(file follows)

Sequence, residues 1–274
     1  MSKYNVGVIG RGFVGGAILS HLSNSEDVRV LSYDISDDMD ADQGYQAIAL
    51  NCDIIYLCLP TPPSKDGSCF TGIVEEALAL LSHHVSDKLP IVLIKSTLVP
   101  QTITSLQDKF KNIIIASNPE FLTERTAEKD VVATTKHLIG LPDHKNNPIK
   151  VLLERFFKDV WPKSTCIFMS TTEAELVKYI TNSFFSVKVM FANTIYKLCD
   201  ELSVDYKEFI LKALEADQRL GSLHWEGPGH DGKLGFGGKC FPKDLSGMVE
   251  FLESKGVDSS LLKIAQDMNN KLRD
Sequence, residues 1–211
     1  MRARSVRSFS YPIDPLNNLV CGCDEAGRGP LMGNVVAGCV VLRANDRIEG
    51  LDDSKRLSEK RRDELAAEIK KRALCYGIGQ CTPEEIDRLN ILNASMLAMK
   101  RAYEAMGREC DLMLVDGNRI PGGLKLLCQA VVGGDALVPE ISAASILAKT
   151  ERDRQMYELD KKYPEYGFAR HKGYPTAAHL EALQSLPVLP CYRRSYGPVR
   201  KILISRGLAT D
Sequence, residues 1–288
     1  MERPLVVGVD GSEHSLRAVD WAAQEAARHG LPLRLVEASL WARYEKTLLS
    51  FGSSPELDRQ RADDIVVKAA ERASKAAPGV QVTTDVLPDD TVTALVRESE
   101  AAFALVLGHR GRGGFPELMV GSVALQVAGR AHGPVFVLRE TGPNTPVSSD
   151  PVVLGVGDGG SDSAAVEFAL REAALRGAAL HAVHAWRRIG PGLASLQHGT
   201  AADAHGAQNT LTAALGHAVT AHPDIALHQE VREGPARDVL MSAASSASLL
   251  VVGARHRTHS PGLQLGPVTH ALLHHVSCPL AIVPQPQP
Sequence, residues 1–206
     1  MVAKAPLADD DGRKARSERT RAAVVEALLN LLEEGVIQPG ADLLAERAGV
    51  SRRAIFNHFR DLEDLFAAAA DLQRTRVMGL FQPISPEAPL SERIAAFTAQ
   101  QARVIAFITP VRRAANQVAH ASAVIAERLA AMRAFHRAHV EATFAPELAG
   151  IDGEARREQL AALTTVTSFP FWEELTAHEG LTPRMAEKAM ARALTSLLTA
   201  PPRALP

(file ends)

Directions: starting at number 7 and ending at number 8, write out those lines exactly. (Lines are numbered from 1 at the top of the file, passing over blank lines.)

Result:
   251  FLESKGVDSS LLKIAQDMNN KLRD
Sequence, residues 1–211